||The trans-Atlantic experience is one that has come to define the American
landscape for over 500 years. Immigrants -of their own volition or by forcemade
the arduous trek across the water with a one-way ticket and little
thought given as to whether or not they would return to the land of their
families, their ancestors and their roots. However, social, political and
cultural movements began to transverse the Atlantic as more and more
people started to develop awareness and identity with the lands they were
several generations removed.
Nowhere was this more apparent than on the continent of Africa. Actors
and activists began to influence many of these newly independent nations
in a reciprocal manner, giving back to the land of their forefathers with
independent philosophies standing in the face of injustice. Music played a
crucial role in disseminating these ideas across the ocean and connected
people like no other medium. Artists like Paul Robeson, Harry Belafonte,
and Miriam Makeba challenged the political and social tyrannies of South
Africa and the United States by risking their careers as well as their lives
to better those of the oppressed, the marginalized majority suffering and
struggling, but still listening and using their music as a soothing balm
from life’s travails.
Hip Hop has since provided a common thread spanning the continents
communicating by way of this “universal language.” Kev Brown has
continued this legacy with his return to Africa –specifically South Africa on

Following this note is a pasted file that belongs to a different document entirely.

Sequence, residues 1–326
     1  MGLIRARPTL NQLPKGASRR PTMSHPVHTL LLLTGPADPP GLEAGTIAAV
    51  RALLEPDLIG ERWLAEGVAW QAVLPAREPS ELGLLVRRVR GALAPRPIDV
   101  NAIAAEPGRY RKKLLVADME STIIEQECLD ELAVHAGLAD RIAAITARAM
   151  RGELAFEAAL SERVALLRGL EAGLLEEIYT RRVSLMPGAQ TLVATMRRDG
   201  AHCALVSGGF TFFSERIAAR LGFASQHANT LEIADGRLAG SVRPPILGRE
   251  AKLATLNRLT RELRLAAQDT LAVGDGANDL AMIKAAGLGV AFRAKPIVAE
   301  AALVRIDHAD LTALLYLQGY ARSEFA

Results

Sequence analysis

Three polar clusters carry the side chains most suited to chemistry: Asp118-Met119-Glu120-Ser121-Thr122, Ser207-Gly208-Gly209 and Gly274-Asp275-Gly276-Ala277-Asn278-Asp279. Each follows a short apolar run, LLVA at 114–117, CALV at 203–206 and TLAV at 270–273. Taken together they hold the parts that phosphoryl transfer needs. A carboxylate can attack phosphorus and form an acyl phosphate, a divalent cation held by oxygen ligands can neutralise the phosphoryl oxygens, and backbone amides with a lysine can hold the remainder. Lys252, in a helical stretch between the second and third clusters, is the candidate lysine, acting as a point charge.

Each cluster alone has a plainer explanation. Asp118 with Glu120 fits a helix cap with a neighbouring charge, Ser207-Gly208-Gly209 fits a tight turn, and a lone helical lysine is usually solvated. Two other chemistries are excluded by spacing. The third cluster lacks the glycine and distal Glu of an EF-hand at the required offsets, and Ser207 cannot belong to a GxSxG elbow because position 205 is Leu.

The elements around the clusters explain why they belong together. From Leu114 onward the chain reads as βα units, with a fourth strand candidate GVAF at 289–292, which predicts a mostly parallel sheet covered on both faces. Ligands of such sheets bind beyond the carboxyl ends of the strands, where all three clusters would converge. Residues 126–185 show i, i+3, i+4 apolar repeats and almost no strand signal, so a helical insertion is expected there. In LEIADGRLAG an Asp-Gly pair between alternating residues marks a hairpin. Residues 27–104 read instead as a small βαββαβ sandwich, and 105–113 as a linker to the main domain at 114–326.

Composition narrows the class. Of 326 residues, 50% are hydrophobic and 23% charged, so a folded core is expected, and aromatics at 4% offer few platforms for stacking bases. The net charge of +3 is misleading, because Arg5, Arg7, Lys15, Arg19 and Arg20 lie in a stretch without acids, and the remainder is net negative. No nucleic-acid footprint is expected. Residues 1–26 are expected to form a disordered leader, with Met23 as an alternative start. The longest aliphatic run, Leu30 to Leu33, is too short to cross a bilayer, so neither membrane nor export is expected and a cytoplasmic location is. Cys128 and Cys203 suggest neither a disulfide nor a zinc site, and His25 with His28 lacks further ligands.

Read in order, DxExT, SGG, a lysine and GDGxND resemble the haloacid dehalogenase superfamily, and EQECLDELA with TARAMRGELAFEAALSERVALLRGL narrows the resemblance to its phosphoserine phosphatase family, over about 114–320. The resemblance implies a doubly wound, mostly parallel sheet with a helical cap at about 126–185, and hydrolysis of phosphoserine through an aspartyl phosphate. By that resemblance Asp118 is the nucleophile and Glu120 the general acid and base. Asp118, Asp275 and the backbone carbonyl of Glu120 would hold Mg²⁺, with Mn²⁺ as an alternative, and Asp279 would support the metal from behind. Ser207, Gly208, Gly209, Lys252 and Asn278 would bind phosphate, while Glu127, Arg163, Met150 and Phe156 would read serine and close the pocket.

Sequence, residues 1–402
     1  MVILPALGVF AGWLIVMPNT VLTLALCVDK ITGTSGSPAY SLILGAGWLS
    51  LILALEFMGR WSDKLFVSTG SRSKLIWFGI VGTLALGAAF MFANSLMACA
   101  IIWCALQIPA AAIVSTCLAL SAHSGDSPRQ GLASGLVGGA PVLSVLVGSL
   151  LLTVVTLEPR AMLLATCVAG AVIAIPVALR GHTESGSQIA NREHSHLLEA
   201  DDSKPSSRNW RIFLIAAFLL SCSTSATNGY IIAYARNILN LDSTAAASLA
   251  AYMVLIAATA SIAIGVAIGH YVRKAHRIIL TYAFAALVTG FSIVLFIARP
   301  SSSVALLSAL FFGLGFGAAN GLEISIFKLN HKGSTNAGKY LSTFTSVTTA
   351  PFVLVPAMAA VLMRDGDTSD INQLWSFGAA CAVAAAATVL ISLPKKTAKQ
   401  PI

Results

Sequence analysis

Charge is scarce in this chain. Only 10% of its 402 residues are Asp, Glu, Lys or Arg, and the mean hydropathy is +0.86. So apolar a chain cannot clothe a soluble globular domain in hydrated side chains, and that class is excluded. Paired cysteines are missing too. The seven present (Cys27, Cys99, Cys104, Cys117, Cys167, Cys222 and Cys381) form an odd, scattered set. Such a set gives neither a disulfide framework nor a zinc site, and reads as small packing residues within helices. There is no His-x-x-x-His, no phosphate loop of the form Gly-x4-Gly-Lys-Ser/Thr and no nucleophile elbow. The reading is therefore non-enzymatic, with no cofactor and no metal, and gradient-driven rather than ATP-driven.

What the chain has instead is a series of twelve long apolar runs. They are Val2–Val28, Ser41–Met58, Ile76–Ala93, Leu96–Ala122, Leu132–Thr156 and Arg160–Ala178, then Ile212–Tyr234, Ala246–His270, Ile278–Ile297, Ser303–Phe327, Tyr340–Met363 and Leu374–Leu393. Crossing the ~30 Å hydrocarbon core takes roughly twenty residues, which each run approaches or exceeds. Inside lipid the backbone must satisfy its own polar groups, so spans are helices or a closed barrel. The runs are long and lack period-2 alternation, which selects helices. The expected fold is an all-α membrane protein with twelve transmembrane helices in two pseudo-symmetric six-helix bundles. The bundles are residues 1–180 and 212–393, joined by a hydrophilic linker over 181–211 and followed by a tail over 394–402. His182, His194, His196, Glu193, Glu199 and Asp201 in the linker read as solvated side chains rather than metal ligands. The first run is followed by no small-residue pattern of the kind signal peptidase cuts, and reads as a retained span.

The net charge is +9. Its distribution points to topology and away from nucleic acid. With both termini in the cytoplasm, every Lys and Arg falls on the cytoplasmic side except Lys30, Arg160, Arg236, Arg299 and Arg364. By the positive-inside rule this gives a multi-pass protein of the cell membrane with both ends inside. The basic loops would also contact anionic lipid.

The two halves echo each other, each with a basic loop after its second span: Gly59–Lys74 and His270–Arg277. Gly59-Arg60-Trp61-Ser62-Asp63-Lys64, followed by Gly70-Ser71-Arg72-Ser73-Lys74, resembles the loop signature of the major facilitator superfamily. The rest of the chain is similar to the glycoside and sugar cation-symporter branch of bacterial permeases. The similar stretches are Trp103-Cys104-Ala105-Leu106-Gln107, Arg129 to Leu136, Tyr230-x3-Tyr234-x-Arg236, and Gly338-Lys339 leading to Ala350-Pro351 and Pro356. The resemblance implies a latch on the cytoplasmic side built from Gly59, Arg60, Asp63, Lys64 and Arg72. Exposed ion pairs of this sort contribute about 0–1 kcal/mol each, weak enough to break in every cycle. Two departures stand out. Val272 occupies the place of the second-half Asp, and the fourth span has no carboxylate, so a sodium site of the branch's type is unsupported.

this visit- for a second time and his music, as evidenced from its inception,
embodies the foundation of African music since time began: drums. The
“boom-bap” ethos, if you will, runs heavy and it undergirds all of his music
connecting it back to a time when the drum was the only instrument, the
first instrument. This trip with DJ Roddy Rod began with the best intentions
of developing an entire project of the two producers concocting beats and
songs derived solely from South African artists.
As good ideas give way to the reality of hectic schedules, Kev strove to give
fans a musical taste of his life-changing experience on African soil. For the
aptly-named “Makeba,” the producer/MC chopped up a little something he
copped at a local record store, programmed the drums and captured a
soulful feel that fans around the world will surely gravitate to. The guitar
plucks and drums are simply infectious!
The flip side “Party People Dedication” evokes the emotion of looking at a
citizenry in a foreign land whom you know neither name nor background,
but connect with nonetheless. Language, ethnicity, nor location can
separate that bond and the emotive piano chords only reinforce this fact.
Two songs cannot detail an entire trip, but they can bring you into the
artist’s world, allowing the listener to vicariously absorb the experience.
Equipped with his portable microphone and MPC 2500, Kev Brown invites
you to take a ride with him on one of his sonic excursions. The producer
from Landover, Maryland shares his adventure as someone fortunate to get
that round-trip ticket back across the Atlantic and share his music with a
continent that inadvertently birthed his. The drums are slowly rumbling on
the horizon and this time they are venturing from west to east, homeward